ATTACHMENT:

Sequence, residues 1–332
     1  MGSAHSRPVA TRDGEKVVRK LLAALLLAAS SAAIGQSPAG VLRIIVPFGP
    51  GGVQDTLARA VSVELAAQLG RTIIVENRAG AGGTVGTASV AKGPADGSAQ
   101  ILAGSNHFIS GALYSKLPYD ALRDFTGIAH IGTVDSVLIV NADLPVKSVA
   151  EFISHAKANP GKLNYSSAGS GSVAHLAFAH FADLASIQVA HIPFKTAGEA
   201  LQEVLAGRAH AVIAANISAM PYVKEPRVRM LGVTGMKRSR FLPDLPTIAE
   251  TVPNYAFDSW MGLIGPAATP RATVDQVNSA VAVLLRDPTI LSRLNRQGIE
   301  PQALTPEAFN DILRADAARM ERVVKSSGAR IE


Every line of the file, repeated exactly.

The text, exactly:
Sequence, residues 1–332
     1  MGSAHSRPVA TRDGEKVVRK LLAALLLAAS SAAIGQSPAG VLRIIVPFGP
    51  GGVQDTLARA VSVELAAQLG RTIIVENRAG AGGTVGTASV AKGPADGSAQ
   101  ILAGSNHFIS GALYSKLPYD ALRDFTGIAH IGTVDSVLIV NADLPVKSVA
   151  EFISHAKANP GKLNYSSAGS GSVAHLAFAH FADLASIQVA HIPFKTAGEA
   201  LQEVLAGRAH AVIAANISAM PYVKEPRVRM LGVTGMKRSR FLPDLPTIAE
   251  TVPNYAFDSW MGLIGPAATP RATVDQVNSA VAVLLRDPTI LSRLNRQGIE
   301  PQALTPEAFN DILRADAARM ERVVKSSGAR IE